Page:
We slowly give up blandness to savor the pungent lemongrass in our soup, feel that tangy burn of red curry on the tongue. Tomorrow’s classics are today’s bold experiments: tofu burrito, hummus guacamole, spring rolls with salsa dipping sauce, lamb in tamarind sauce, lychee martini, wasabi bloody mary.
Yet it did not always seem so. For first few years in America my family and I were terribly homesick. At dinnertime, my mother would say, “Guavas back home are ripened this time of year, back at our farm,” or someone else would say, “I miss mangosteen so much,” and we would shake our heads and sigh. But then a friend, newly arrived in America, gave my mother some seeds and plants. Soon mother’s small garden in the backyard was full of lemongrass, Thai basil, Vietnamese coriander, and small red chilies. Homesickness was placated by the fact that home was coming, slowly but surely, nearer to the golden shore.
Now imagine my mother’s garden spreading over a large swath of California’s farmland. Southeast Asian farmers, in the footsteps of last century’s Japanese and South Asian farmers before them, are growing a large variety of vegetables in the Central Valley and trucking them to markets all over the state. Hmong, Filipino, Thai, Cambodian, Vietnamese, Korean, Laotian, South Asian, Latin American farmers join the rest and sell everything from live chickens and seafood to Thai eggplants and edible amaranth, from hyacinth beans and hairy gourds to oriental squash and winter melons, from Buddha fingers to sugarcane. I, for one, have learned not to underestimate the power of immigrants’ nostalgia. Here in California, it often becomes retroactive; so much longing for home recreates it in the new landscape. On a sunny day, visiting the local farmer’s market, there are fragrances and sounds so oddly familiar that, were I to close my eyes, I could imagine myself back in my hometown, in the verdant, fog-filled plateau of Dalat, Vietnam.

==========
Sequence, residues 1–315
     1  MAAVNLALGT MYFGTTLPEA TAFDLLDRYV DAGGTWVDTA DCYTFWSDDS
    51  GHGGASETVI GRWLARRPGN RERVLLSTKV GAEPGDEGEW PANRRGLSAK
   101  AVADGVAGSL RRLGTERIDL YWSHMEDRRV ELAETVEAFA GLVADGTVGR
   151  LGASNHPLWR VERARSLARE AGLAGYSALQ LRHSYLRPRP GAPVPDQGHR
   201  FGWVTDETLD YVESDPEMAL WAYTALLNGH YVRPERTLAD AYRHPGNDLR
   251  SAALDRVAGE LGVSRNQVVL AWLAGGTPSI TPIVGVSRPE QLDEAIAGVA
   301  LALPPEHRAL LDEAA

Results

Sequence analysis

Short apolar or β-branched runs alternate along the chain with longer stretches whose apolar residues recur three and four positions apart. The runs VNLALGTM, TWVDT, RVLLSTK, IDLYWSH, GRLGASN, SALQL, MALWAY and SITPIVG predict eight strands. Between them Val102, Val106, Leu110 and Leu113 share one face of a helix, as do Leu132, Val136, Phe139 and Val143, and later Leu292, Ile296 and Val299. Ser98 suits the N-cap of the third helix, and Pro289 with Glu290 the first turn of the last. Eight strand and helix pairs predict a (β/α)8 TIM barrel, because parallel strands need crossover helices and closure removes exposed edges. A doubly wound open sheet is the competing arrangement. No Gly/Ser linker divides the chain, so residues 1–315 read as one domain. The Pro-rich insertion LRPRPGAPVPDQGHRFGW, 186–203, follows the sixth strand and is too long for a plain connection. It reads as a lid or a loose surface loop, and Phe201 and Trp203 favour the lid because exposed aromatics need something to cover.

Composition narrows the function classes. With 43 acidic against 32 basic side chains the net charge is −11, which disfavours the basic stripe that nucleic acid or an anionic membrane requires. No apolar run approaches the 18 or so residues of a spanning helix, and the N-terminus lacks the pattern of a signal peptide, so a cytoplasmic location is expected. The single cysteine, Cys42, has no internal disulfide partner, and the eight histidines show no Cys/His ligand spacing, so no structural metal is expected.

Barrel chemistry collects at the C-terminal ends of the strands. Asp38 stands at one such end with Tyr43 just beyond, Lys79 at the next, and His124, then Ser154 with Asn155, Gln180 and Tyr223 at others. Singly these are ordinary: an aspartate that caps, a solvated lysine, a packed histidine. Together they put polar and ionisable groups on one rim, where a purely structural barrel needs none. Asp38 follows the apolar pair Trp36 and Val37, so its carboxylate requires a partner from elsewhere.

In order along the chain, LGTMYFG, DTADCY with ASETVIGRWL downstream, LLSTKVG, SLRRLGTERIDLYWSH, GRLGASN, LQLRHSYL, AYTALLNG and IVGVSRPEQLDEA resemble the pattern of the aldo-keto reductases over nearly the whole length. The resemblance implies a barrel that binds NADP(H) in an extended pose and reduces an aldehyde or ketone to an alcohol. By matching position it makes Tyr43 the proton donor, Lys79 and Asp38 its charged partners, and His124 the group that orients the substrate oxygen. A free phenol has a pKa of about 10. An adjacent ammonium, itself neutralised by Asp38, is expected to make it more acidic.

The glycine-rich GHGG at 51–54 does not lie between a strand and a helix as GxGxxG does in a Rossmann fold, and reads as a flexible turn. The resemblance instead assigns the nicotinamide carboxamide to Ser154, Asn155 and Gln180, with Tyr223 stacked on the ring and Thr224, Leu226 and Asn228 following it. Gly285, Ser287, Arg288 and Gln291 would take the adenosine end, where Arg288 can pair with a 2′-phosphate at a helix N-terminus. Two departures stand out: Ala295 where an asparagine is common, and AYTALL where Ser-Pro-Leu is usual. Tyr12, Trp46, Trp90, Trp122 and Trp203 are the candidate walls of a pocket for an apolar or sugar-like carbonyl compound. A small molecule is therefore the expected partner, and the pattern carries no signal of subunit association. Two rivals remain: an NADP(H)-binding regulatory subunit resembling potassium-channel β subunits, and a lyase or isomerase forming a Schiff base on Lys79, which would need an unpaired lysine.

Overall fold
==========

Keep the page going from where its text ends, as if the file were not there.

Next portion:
In my lifetime here I have watched the pressure to move toward some generic, standardized melting-potted center deflate—transpose, in fact—to something quite its opposite, as the demography shifts toward a society in which there’s no discernible majority, no clear single center. Instead, the story I often see here is one where one crosses, by various degrees, from ethic to cosmopolitanism.
Thus for this holiday season my family and I celebrate without a turkey as the centerpiece - bouillabaisse and Vietnamese crab spring rolls please! One lives, that is, in an age of enormous options in an astounding diverse and fertile region where human restlessness and fabulous alchemical commingling are becoming increasingly the norm. And, that complexity is infused in many ways by the taste, and here in the West, increasingly informed by that certain eastern sensibility.
NAM Editor, Andrew Lam, is author of Perfume Dreams: Reflections on the Vietnamese Diaspora, and East Eats West; Writing in Two Hemispheres.
Odette Keeley is host and executive producer of “New America Now”, NAM’s TV show, as well as anchor for NAM”s weekly segment on “Upside” - both airing on- Comcast Hometown Network CHN 104. This video feature was also featured by Keeley on "Upside." Valerie Klinker is a content producer for YO! & NAM.